May 19, 2001

Heading south along the Lake Michigan shore, well beyond the Door Peninsula, we might want to stop at Two Rivers and taste a local delicacy. At least it was local early in the 1880s. It was on a presumably hot day in 1881 when a gustatory pioneer named George Hallauer strolled into Ed Berners' Ice Cream Parlor for a dish of the cold stuff. Ed was about to serve it up when George decided t looked a bit boring. He suggested that Ed take some of that chocolate syrup he used for making sodas and just drizzle some of the tasty goop on top of the scoops, thus giving birth to the ice cream sundae. The s-u-n-d-a-e spelling was coined a bit later to get around some of the recently introduced blue laws. Moving on downlake, we could stop in at Monitowoc, for a visit to the Wisconsin Maritime Museum, where we'd learn of the city's proud heritage of turning out submarines for the Navy during World War II. Finally, moving on we arrive at Sheboygan.

Green Bay trapper and trader William Farnsworth might have been the first settler but for one slight detail. He never really settled. He paid a visit back around 1814, but didn't linger. He stayed a bit longer on a return visit in 1818, putting down impermanent roots for a month or two. He may have run into Frenchman Andrew Vieux, who put up a hut here, that lasted long enough for his wife to give birth to the first white child born in the future Sheboygan County, before all three of them moved on. Also during the year Michigan Territorial governor Lewis Cass put into shore with his exploratory flotilla. Busy year!

It was another 16 years before anyone decided to hunker down for more than a brief visit. Chicago miller William Paine came up in 1834 with a partner named Crocker to build a sawmill and begin the local lumber industry. It took about a year for them to become bored (don't forget, no ice cream parlors for another 45 years or so) and they sold off their holdings, half of them to that old wayfarer William Farnsworth, in November 1835. Trapping was no longer paying off so he decided to try his hand at mill running. He brought up a couple from Cleveland, John and Eliza Follet, the husband to work in the mill, the wife to run the cookhouse. The settlement's first frame house was put up and turned into a combination boarding-house for the millhands and tavern for travelers between Green Bay and the Milwaukee-Chicago area. In 1836 Charles Cole and family arrived, followed by Mr. A. G. Dye, his family and a number of carpenters, to erect a warehouse for Farnsworth. Not far behind were William Ashby, the three Gibbs brothers and teacher F. M. Rublee, who began the county's first school.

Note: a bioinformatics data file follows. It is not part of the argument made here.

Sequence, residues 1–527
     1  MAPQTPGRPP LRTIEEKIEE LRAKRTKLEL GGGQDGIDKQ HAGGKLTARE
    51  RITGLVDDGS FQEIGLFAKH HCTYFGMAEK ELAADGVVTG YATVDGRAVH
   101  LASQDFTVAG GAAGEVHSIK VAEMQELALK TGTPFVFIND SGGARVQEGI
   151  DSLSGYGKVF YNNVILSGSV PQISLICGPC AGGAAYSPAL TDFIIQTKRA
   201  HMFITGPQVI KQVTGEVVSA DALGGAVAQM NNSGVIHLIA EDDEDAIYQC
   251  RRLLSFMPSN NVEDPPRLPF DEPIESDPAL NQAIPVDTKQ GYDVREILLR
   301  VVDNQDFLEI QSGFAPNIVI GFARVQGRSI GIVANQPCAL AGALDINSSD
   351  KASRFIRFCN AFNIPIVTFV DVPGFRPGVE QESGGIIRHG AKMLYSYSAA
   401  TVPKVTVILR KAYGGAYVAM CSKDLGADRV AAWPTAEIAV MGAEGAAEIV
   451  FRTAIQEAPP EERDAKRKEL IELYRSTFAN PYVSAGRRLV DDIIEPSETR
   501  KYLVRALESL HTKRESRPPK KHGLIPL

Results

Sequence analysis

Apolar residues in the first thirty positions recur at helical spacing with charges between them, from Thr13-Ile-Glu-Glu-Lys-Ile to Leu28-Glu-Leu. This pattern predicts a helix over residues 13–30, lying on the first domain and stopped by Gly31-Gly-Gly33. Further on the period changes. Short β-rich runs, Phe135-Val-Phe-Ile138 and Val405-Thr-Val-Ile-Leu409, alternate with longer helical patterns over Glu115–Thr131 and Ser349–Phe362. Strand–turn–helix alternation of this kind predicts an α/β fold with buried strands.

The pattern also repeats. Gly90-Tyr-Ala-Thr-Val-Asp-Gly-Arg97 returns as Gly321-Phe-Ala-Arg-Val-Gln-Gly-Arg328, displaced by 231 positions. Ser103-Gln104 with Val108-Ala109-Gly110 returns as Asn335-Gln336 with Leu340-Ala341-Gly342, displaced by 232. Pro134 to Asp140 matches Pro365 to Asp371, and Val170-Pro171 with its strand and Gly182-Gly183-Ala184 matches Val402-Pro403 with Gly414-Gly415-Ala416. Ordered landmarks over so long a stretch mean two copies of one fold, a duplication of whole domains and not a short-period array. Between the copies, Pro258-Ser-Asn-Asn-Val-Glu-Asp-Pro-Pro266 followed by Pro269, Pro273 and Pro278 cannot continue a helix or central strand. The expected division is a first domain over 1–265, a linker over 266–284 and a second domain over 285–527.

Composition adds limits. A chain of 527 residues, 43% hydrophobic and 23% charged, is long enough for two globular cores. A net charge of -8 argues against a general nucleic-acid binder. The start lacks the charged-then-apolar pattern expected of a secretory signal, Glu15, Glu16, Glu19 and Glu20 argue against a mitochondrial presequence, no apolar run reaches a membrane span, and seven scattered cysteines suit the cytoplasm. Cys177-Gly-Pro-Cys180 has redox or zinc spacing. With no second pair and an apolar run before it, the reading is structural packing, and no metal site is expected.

No one could be said to be living off the fat of the land. The winter of 1836-1837 caused some real tightening of Sheboygan belts. They survived though, with the help of some rather ancient provisions from Green Bay. Spring was extremely welcome that year. Things began looking up. More and more people, looking for unencumbered land, poured in. The village had nearly 20 buildings, including warehouses, a schoolhouse, two stores and a blacksmith shop. Plans were drawn up for a real city, with streets and avenues. Life wasn't so bad after all. However, it may have been the far frontier, the back of beyond, but the almost non-existent threads connecting them with the Atlantic coast's financial markets were still sufficiently strong enough to control their destinies. And not always for the best.

Further Sheboygan adventures next week. For Classical 91.5 and 90-point-3, this is David Minor



The Greek philosopher Heraclitus, reflecting on constant change, once said that you could never step in the same river twice. But you can get a feel for the past of the Badger State, at the site sponsored by the Wisconsin Local History Network, which promises "Stories, essays, letters, poems, biographies, journals and tidbits from Wisconsin history. Many first hand accounts - profusely illustrated."

You can read about an 1835 canoe ride up the Minnay Sotor (say the name quickly and it may sound like a nearby Great Lakes state), an 1843 winter trip from Milwaukee to Green Bay, local authors in 1918, the 1921 struggle for the vote for women, early lumbering on the Chippewa, the 1871 Peshtigo fire, and sketches of pioneer women. Period photographs (steamboats, lumber camps, local notables and their homes, mines) and maps provide visual aids to a time and place we can never quite return to.

The Game's Afoot ! !

© 2001 David Minor / Eagles Byte